Many teachers go to foreign places during the summer holidays. I know several colleagues, past and present, who regularly visit France or even have homes there.

My recent French excursion was slightly different; visiting a colleague’s home town of Nantes. I was amazed by the architecture and history associated with the fifth largest city in France (something I have to admit I was ashamed to be unaware of prior to my visit!).

This colleague has been a close friend of mine for the six years I have been a SENCo. I took advantage of her offer for me to visit her home town for a couple of days, between cricket matches and a continuing home-improvement schedule .

As I spent time observing and listening; I couldn’t help to draw parallels between different elements of our work.

My French (despite several ski trips and exchanges over the years) is very limited. My colleague’s friends were welcoming, generous and kind, but their quick-fire French and friendly yet colloquial dialogue left me with limited understanding.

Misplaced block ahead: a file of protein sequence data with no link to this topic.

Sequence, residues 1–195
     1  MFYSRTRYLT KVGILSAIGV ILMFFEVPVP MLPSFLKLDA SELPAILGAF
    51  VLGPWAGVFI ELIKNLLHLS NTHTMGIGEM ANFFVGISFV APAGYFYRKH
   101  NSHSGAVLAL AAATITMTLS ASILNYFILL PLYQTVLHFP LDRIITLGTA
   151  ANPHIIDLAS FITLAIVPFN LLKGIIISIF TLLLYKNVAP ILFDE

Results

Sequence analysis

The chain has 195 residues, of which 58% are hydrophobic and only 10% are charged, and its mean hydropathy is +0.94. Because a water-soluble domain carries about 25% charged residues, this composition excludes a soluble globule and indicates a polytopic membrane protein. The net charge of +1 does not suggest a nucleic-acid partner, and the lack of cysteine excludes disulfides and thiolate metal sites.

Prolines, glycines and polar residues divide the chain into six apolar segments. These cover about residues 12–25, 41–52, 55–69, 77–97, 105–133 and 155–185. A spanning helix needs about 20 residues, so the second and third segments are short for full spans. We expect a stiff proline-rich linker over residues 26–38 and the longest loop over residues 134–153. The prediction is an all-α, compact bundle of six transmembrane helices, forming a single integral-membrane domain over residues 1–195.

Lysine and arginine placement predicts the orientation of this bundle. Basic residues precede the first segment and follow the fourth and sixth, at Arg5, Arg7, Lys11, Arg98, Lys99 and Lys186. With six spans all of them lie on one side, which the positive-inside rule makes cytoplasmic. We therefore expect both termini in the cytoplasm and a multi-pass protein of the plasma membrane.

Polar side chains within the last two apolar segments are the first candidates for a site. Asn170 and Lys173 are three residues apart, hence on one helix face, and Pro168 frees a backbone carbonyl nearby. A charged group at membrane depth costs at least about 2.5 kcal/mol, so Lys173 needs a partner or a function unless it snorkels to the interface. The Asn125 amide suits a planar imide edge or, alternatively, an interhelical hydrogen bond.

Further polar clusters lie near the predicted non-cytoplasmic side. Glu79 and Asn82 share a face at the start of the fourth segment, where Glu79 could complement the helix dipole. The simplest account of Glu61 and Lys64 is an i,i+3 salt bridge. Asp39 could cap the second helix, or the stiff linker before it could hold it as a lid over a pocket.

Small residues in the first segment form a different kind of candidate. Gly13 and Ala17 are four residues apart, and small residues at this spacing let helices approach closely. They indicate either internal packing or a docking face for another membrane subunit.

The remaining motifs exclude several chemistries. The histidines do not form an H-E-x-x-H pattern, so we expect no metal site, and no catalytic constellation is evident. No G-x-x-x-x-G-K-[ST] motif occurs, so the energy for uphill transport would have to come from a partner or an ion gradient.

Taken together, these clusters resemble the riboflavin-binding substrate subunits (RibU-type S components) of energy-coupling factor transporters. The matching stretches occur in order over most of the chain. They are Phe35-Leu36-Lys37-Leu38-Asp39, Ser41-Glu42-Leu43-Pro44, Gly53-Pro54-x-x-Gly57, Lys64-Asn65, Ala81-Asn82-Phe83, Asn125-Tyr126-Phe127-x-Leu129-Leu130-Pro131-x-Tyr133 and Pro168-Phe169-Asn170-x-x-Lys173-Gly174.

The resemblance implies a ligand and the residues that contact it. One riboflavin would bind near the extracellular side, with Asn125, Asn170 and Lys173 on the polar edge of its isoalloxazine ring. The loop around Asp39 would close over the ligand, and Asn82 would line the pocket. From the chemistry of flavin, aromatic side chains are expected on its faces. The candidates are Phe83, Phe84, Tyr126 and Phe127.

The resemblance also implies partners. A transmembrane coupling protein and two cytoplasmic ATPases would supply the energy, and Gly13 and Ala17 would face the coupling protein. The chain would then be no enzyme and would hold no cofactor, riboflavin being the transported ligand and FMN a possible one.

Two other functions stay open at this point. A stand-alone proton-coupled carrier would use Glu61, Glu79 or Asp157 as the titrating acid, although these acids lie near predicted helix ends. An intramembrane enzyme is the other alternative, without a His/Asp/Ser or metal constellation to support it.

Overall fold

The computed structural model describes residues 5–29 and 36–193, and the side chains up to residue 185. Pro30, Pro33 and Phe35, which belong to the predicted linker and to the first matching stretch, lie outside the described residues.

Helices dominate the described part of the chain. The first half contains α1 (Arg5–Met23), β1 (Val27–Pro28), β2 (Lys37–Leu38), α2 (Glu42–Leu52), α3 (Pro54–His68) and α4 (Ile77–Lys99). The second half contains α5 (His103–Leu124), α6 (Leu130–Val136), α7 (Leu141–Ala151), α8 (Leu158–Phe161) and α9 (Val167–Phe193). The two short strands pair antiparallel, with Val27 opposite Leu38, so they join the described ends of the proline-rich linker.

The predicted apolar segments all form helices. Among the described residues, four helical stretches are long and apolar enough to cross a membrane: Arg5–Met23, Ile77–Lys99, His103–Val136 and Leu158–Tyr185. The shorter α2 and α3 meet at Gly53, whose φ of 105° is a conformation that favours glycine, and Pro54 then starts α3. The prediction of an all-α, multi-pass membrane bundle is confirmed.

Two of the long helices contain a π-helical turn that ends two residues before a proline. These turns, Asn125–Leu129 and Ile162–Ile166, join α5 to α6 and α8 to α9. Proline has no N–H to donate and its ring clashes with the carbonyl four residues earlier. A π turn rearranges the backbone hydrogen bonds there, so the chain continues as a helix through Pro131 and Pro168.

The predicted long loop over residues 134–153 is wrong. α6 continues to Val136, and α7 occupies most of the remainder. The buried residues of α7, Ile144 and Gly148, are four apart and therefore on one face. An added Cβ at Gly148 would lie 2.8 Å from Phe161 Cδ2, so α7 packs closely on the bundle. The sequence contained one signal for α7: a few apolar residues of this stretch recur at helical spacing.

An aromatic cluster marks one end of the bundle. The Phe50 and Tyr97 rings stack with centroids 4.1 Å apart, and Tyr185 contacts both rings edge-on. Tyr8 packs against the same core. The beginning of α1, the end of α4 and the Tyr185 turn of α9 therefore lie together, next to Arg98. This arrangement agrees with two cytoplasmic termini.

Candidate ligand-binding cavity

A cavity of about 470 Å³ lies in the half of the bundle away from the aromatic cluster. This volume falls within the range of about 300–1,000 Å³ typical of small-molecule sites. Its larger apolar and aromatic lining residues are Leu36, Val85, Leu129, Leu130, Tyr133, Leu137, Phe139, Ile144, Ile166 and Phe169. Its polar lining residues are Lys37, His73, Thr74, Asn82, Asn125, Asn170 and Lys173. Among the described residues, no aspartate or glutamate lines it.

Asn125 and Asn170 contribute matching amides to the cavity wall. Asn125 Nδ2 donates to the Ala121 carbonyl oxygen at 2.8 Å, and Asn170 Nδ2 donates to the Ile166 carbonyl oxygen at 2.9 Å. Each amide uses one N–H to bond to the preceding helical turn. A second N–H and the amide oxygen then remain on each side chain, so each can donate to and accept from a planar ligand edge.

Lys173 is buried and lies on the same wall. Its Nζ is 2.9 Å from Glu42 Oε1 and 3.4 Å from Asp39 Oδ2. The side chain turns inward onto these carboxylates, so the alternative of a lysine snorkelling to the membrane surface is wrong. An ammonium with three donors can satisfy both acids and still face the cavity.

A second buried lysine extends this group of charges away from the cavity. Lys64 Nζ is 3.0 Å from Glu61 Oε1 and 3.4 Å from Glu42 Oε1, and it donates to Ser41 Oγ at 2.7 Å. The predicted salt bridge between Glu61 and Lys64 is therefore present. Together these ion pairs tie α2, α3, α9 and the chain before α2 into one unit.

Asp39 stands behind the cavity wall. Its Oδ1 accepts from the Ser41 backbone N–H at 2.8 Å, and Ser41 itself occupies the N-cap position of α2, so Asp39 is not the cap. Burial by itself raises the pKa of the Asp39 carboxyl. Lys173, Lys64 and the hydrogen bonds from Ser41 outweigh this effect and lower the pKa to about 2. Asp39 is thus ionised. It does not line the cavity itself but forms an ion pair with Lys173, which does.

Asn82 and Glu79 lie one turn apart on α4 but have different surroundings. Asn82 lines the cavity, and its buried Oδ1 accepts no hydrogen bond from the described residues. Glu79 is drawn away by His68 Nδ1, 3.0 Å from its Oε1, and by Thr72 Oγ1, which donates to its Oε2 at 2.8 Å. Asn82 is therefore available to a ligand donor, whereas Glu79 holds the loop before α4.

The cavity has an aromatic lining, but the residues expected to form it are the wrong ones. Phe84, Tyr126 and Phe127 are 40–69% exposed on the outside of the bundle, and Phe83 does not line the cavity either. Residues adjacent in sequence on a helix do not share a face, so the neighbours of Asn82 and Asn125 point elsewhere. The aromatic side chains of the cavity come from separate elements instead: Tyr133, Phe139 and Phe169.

I could observe facial expressions and gestures, hear speech and feel a sense of warmness and welcoming; but I couldn’t understand much and had to rely on senses that are not usually my dominant ones.  

For once I was out of my comfort zone, left to feel and fumble my way through my surroundings; I found it difficult.

I thought of a child (generic in this case); seeing and taking things in but not understanding the context or truly appreciating the social scenarios unfolding in front of them. Only getting half of the whole story and not really able to comprehend the full picture.

How humble I felt. Every life experience is a learning one, and I learnt an awful lot in France. As I have said before, summer is a valuable time for reflection.  This trip was no different.